A Keeper’s Tale: Tomkin Thornhewn, youngest son of the Duke of Marshwell, has a problem: he’s not heroic. Regardless of his aspirations, the bookish, untrained young man is better suited to recording the deeds of heroes than being one himself. Which becomes an obvious problem when he finds himself clinging to a ledge above a sleeping dragon. And instead of wielding his family’s great sword with valor and skill, he drops it—onto the dragon.
The problem grows immeasurably worse when Tomkin himself falls off the ledge—also onto the dragon. And his problem reaches its peak when Tomkin, after being captured, discovers a maiden locked in a tower. But this is no sweet damsel. Not only does she refuse to be rescued, she refuses to even admit she’s in distress. It’s too bad for the people of Marshwell that Tomkin is the only thing standing – or falling – in the dragon’s way.
We often get books offered to us in our email. Sometimes they are great, but sometimes they are so very much NOT great. We’ve learned to be wary of these offerings, but we still look at every one because occasionally we will get books like A Keeper’s Tale. Great YA novels we totally would have missed out on ever knowing about if they hadn’t randomly shown up in our inbox.
It took me a long time to even open this one up and try it, because I couldn’t tell what it was like from the cover.
You’re not supposed to judge a book by its cover, you know.
Ha! As you well know, we do that all the time (with books, not people. Of course.) I was afraid that A Keeper’s Tale might be too high fantasy for me. That dragon’s eye on the cover is a clear sign (usually) of highbrow fantasy peoples, don’t you know. But once I cracked those virtual pages, I was surprised and delighted with how much I liked this tale.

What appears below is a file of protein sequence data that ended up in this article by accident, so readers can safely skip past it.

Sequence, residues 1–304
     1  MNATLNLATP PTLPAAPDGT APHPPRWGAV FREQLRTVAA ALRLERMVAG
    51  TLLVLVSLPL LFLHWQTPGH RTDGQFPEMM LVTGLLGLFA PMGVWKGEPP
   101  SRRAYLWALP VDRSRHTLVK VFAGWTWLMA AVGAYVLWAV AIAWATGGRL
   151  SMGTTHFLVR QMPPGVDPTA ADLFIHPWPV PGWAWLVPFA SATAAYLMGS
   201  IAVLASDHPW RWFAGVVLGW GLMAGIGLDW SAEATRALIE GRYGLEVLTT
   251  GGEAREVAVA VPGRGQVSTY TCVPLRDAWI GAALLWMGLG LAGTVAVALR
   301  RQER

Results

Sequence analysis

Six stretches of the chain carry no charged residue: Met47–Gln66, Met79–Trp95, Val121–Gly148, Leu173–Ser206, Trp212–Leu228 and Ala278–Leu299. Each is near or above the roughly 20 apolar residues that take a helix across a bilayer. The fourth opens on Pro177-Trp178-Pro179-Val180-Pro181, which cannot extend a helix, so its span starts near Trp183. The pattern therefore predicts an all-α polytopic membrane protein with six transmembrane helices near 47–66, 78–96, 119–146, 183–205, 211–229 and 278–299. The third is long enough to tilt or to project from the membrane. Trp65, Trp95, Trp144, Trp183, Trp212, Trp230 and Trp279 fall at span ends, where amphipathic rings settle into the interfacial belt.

I think that you need to stop judging us “highbrow fantasy people”. Just because you can’t hang with the erudite ones, don’t be a hater! Back to the book now. I loved the originality of this story. There is a tried and true (and often boring) recipe for a fantasy novel and A Keeper’s Tale took that recipe and turned it on its head. Our hero is a young man who is perfectly happy to stay at the castle and take care of the books and the realm’s complaints while his dashing knight of an elder brother and his father the king are off saving the world. Unfortunately, adventure comes to him in a fairly unavoidable manner. This book is full of sharp-witted repartee between Tomkin, the maiden and even the dragon. There is mayhem and disaster galore, much of it brought about by Tomkin himself. Oh, and the ending? So good. Just perfectly satisfying.
Well now that you’ve said everything there is to say about the storyline, I will endeavor to extract some nugget of thought out of my brain to add to this review. The most enjoyable thing about A Keeper’s Tale is the clever dialogue. I loved it for all the reasons Bubby long-windedly stated above. For this reason, I will entreat J.A. Andrews to write MORE! After I read this book and fell completely in love with the anti-hero Tomkin, I wished with all my heart that someone who could write so well would write like six books a year. Is that possible? Unfortunately, there’s only one more right now – A Threat of Shadows, which is the first book in the Keeper Chronicles series. A Keeper’s Tale is a standalone story in the same universe. No matter, it is a keeper (ha ha). Read it! It is available on Kindle Unlimited right now, too! Bonus!